Levi's shuts half its China stores on coronavirus outbreak, expects financial hit

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© Reuters. Products are displayed at a Levi Strauss store in New York© Reuters. Products are displayed at a Levi Strauss store in New York

By Uday Sampath Kumar and Aditi Sebastian

(Reuters) – Levi Strauss & Co (N:) has shut about half of its stores in China due to the outbreak of a new coronavirus and will take a near-term financial hit as a result of the epidemic, Chief Financial Officer Harmit Singh said on Thursday.

This comes a few months after Levi’s opened its largest store in China in the city of Wuhan, the epicenter of the coronavirus epidemic which has killed about 170 people, marring its plans to tap into the city’s 11-million strong population.

“It will put a dampener on our growth objectives in the near term,” Singh told Reuters in an interview about the store closures in China, which contributes about 3% to the company’s revenue.

The flu-like virus has set-off alarm bells across the globe, with companies such as Starbucks Corp (O:) and Tesla Inc (O:) warning of a financial hit from slowing business in the world’s most populous country. Earlier this week, Starbucks also said it closed about half its stores in China.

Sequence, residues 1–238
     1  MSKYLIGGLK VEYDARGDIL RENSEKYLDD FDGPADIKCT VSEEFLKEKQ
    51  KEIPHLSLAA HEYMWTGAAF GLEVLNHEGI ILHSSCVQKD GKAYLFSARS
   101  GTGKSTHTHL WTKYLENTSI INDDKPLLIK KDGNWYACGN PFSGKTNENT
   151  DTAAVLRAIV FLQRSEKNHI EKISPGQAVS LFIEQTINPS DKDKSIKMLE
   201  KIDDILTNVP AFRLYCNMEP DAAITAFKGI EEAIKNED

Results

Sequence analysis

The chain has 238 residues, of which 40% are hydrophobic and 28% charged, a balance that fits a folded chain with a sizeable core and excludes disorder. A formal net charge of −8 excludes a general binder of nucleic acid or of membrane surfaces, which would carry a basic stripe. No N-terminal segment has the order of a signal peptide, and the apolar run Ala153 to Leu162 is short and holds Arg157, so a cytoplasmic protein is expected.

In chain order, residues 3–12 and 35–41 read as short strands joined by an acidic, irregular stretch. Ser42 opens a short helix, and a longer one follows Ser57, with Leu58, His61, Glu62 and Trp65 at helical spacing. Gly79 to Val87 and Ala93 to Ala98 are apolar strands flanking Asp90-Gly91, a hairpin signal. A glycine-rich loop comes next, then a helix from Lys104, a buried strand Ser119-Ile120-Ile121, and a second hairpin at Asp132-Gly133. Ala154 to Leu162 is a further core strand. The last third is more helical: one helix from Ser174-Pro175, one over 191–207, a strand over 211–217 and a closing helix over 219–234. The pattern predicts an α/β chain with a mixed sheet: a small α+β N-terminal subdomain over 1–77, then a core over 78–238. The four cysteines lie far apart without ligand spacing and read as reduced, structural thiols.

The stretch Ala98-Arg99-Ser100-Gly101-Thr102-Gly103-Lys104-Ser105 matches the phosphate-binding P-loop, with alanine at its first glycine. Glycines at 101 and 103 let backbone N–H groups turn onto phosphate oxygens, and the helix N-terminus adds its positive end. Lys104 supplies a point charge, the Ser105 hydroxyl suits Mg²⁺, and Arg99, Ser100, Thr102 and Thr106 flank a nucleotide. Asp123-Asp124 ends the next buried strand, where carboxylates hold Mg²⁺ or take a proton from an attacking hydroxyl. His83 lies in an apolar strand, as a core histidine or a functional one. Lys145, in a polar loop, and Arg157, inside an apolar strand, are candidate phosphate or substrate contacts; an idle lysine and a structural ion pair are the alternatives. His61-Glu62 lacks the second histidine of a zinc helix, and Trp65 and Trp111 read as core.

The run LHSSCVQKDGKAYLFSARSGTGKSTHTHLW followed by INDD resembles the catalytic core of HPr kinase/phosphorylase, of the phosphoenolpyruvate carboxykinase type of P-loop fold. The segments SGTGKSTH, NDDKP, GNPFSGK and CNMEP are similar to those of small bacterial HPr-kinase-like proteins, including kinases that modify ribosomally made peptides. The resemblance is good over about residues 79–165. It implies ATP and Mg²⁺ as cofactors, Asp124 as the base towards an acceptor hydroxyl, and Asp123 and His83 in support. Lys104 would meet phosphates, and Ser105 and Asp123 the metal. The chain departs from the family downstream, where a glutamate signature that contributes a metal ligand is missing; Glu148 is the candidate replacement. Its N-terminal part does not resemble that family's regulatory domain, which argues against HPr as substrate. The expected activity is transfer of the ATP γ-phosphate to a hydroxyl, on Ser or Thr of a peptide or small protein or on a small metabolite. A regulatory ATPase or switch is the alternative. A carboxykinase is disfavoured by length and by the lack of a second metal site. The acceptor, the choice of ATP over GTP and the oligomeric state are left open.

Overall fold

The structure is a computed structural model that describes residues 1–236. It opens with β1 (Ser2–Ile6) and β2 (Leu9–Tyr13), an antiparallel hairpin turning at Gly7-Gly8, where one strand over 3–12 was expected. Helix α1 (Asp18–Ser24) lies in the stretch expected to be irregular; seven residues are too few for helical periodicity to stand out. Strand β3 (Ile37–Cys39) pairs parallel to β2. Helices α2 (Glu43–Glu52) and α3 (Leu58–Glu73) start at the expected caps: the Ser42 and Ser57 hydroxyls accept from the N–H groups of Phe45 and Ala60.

Levi’s has also stopped all employee travel in and out of China.

Singh said the coronavirus impact was not baked into the company’s full year forecast, but will be quantified when it reports first quarter results in April.

Levi’s forecast 2020 earnings above estimates, boosted by demand for women’s apparel in its own stores and online, sending shares up 3% for the company which returned to public markets last year.

Singh pointed to the strong start to 2020 fiscal year, saying Levi’s had “hit the ground running” during the crucial holiday shopping season.

The company missed fourth quarter revenue estimates, hurt by plunging sales at department stores and protests in Hong Kong which dented demand in the Asian shopping hub.

Fourth quarter net revenue fell 1.4% to $1.57 billion, compared with analysts’ estimates of $1.58 billion, according to IBES data from Refinitiv.

Adjusted net income fell 9% to $108 million, or 26 cents per share, in the quarter ended Nov. 24, beating expectations of 21 cents per share.

The company forecast adjusted 2020 profit of $1.18 per share to $1.22 per share above Wall Street estimates of $1.17.

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